SvelteKit Review and Features

Written by Mojtaba Seyedi

Last update: 6/11/2024

Svelte is a powerful library for building reactive user interfaces, delivering fast and lightweight applications. However, building a complete web application requires more than just a UI component library. You need to consider things like routing, server-side rendering, and deployment to optimize the user experience. This is where SvelteKit comes in. Built on top of the blazing-fast Svelte library, SvelteKit provides all the tools you need to build robust, performant websites and web applications with ease and have a smooth web development experience.

In this post, we'll take a closer look at what SvelteKit is and how it can help you take your projects and developer experience to the next level.

SvelteKit: The Svelte Meta Framework

SvelteKit is a powerful meta framework built on top of Svelte that enables developers to create robust and high-performance web applications. It is similar to Next in React or Nuxt in Vue.

SvelteKit takes all the good things from Svelte and adds the additional features required to build full-stack web applications. It offers basic functionalities such as routering, server-side rendering, and Hot Module Replacement for instant changes to the code, allowing developers to focus on the creative part of the project. With SvelteKit, you can build web applications of all sizes with a beautiful development experience.

SvelteKit's most important feature is that it's not focused on a specific type of project. Unlike some other frameworks, SvelteKit is versatile and flexible and can be used to build a wide range of applications, including content-based websites and single-page applications.

SvelteKit encourages developers to use the web platform and progressive enhancement to build more resilient sites, leveraging the power of Svelte compilation to deliver fast and browser-friendly JavaScript with small package sizes.

Instead of serving an almost empty HTML file to the client, SvelteKit comes with all the HTML elements needed for the first page view. This provides faster page loads and SEO boosts. There are two ways SvelteKit accomplishes this: prerendering and server-side rendering. SvelteKit splits the code into separate smaller chunks for each route of the application, enabling typical features of a single-page application like client-side routing. SvelteKit also allows developers to choose the deployment environment of their app, with tiny plugins called adapters optimizing output for various platforms.

How SvelteKit Works

SvelteKit combines server-side and client-side rendering and gives you the best of both worlds. SvelteKit consists of two parts - the server and the client. The server's job is to handle incoming requests and generate responses. The client refers to the JavaScript that loads in the browser.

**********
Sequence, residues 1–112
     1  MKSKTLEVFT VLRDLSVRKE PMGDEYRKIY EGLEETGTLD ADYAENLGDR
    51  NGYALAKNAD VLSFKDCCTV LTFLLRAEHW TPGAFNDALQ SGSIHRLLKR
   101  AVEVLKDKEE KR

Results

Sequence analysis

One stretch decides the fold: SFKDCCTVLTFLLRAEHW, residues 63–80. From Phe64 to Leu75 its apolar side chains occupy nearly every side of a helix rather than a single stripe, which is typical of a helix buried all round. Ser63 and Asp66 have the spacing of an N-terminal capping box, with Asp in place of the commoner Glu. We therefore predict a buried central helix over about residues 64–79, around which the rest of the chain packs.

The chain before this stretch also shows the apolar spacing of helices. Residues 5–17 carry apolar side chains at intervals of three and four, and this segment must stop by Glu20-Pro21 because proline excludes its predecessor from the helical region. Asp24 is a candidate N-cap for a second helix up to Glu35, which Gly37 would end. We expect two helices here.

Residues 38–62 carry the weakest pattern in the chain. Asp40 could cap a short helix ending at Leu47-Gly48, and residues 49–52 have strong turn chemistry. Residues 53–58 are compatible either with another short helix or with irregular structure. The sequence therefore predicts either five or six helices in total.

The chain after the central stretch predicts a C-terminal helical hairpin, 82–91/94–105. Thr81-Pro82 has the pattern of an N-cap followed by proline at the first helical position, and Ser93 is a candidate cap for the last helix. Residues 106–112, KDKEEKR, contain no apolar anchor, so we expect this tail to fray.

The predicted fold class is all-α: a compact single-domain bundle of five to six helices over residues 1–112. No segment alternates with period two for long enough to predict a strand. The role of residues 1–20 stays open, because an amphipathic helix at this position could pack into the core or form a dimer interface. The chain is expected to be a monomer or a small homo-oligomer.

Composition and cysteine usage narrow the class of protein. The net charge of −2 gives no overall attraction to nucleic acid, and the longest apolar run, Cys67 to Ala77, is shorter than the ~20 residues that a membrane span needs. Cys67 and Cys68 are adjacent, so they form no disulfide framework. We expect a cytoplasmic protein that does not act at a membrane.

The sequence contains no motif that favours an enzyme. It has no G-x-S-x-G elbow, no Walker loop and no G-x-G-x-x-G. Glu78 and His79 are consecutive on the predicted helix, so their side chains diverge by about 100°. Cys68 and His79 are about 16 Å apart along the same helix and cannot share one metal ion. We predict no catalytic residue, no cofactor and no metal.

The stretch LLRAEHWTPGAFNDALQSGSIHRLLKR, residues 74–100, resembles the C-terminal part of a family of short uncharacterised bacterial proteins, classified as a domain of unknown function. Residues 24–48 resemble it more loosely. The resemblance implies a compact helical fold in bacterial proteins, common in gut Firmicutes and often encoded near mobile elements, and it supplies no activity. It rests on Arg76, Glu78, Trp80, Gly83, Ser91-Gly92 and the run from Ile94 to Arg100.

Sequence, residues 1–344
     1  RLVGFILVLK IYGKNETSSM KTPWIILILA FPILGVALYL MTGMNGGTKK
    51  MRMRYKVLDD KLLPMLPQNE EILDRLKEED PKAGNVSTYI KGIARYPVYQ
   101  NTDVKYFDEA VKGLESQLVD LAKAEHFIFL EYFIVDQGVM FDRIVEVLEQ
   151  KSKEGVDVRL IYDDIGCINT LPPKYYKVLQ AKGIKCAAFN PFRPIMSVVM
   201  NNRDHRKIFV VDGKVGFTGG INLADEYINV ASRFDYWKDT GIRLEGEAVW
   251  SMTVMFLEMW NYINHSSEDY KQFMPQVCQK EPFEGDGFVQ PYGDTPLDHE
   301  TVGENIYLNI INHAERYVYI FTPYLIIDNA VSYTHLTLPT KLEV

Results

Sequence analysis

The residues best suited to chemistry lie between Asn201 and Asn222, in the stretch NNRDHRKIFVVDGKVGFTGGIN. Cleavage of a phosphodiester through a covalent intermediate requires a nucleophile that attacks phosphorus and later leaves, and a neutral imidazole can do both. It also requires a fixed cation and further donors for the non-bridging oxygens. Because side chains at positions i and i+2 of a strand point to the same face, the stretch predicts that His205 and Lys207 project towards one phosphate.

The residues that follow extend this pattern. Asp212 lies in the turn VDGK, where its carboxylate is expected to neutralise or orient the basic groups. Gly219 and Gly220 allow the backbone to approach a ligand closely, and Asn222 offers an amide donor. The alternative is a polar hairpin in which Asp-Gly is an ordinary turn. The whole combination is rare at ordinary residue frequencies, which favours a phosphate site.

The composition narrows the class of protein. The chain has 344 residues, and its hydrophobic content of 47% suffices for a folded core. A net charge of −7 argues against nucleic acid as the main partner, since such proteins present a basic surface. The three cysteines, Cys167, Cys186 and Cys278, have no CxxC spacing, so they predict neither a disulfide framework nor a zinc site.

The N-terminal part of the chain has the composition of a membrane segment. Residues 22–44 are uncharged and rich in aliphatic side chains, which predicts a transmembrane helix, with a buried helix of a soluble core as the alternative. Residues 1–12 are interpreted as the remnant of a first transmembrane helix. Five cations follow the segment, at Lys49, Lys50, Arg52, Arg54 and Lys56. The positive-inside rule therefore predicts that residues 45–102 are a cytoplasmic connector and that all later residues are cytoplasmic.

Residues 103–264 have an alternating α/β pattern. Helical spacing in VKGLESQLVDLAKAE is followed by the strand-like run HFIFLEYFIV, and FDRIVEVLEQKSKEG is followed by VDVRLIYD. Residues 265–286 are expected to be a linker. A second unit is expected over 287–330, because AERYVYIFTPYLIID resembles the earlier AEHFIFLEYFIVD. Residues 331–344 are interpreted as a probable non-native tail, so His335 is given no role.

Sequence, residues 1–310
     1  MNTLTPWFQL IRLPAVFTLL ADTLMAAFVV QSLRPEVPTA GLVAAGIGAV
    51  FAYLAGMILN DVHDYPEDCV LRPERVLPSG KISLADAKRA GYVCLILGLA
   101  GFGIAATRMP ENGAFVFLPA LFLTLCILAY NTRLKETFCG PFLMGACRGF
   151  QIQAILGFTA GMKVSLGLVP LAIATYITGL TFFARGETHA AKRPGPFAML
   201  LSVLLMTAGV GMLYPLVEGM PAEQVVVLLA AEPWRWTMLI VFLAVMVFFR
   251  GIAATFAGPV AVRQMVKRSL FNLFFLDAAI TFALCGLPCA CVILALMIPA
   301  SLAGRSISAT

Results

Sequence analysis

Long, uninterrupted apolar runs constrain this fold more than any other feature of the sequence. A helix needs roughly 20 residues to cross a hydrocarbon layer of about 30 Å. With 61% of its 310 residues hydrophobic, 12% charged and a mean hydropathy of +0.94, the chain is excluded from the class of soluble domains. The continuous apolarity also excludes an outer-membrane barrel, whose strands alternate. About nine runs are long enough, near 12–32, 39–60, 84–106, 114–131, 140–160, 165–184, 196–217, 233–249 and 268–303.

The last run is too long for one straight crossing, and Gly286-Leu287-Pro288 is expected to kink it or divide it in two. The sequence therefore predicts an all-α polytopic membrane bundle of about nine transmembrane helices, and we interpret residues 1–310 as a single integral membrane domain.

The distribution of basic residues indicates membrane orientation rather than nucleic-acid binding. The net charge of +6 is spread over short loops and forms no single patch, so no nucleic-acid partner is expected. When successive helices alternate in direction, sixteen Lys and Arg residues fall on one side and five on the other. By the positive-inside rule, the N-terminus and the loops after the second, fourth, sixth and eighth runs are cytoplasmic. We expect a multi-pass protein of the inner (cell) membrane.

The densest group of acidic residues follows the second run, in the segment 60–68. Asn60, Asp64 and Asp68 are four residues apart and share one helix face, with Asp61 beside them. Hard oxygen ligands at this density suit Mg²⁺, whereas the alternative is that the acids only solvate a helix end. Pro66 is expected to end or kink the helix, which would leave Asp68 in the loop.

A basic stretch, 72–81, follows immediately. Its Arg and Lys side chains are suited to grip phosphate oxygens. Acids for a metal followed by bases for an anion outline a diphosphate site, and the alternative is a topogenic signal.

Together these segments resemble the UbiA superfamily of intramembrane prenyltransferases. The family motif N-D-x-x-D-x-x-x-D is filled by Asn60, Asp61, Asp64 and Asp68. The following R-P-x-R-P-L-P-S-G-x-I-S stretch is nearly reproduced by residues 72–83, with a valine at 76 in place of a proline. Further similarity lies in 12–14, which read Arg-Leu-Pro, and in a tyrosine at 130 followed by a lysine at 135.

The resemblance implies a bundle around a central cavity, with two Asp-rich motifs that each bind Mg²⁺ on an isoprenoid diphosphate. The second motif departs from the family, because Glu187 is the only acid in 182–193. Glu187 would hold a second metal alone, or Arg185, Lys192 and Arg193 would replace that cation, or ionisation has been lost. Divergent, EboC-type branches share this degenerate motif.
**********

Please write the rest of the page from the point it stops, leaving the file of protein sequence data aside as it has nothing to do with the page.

When a user first loads a page, the page will be server-side rendered, meaning the server renders the HTML, which makes the content visible as quickly as possible. This approach improves the first-load performance and also makes your app more SEO-friendly.

After the initial load, once the user starts navigating, the client takes over and SvelteKit switches to client-side rendering in a process called hydration. This allows subsequent navigations to happen without requiring full page reloads, making for a smoother user experience. Also, the client will only request additional code and data from the server when needed.

This is the default behavior, but SvelteKit provides a highly configurable rendering engine which means you can customize this behavior to your needs.

You can even mix and match rendering strategies. For example, you can go for SSG and prerender static HTML for JamStack, or if you don't need a server, you can use client rendering to do everything in the browser. On the flip side, if you want to avoid JavaScript entirely, you can render everything on the server like a traditional multi-page application.

What’s amazing is that you can choose the best rendering strategy for a page with a simple configuration option. You are not stuck with just one rendering method.

For example, if you want a route of your app to be represented as a simple HTML file generated at build time, you can do it in a single line of code in the +page.js file of that route:

export const prerender = true;

SvelteKit Key Features

SvelteKit is a powerful meta framework that extends the capabilities of the Svelte library/compiler. Below are some of the key features of SvelteKit:

SvelteKit is built on Svelte

Since SvelteKit is built on top of Svelte, it inherits all the advantages of Svelte. These include true reactivity, performance, component-driven architecture, context API, stores, slots, transitions and animations, and much more.

SvelteKit leverages the web platform

SvelteKit leverages the web platform. For example, it uses the regular Request and Response objects of the Fetch API. This will make the developer learn and focus more on the web platform instead of learning a specific concept for a particular framework.

SvelteKit is highly flexible

As we discussed earlier, Sveltekit gives you the option to configure your rendering method in any way you wish. SvelteKit gives you flexibility in how you build your app. You can prerender your about page, use server-side rendering for dynamic pages, and your app section can be a single page application inside the same app.

SvelteKit uses ES modules by default

If you take a look at the package. json file in a SvelteKit project, you will notice that it specifies "type": "module", which means that .js files are treated as native JavaScript modules by default. This helps SvelteKit with code splitting and hot module reloading.

Easy deployment

With the concept of "adapters" that SvelteKit introduced, deployment to servers and serverless functions has never been easier. Adapters allow developers to easily deploy their SvelteKit apps to platforms like Netlify, Vercel, or AWS Lambda. This model has inspired players like Astro and Remix as well.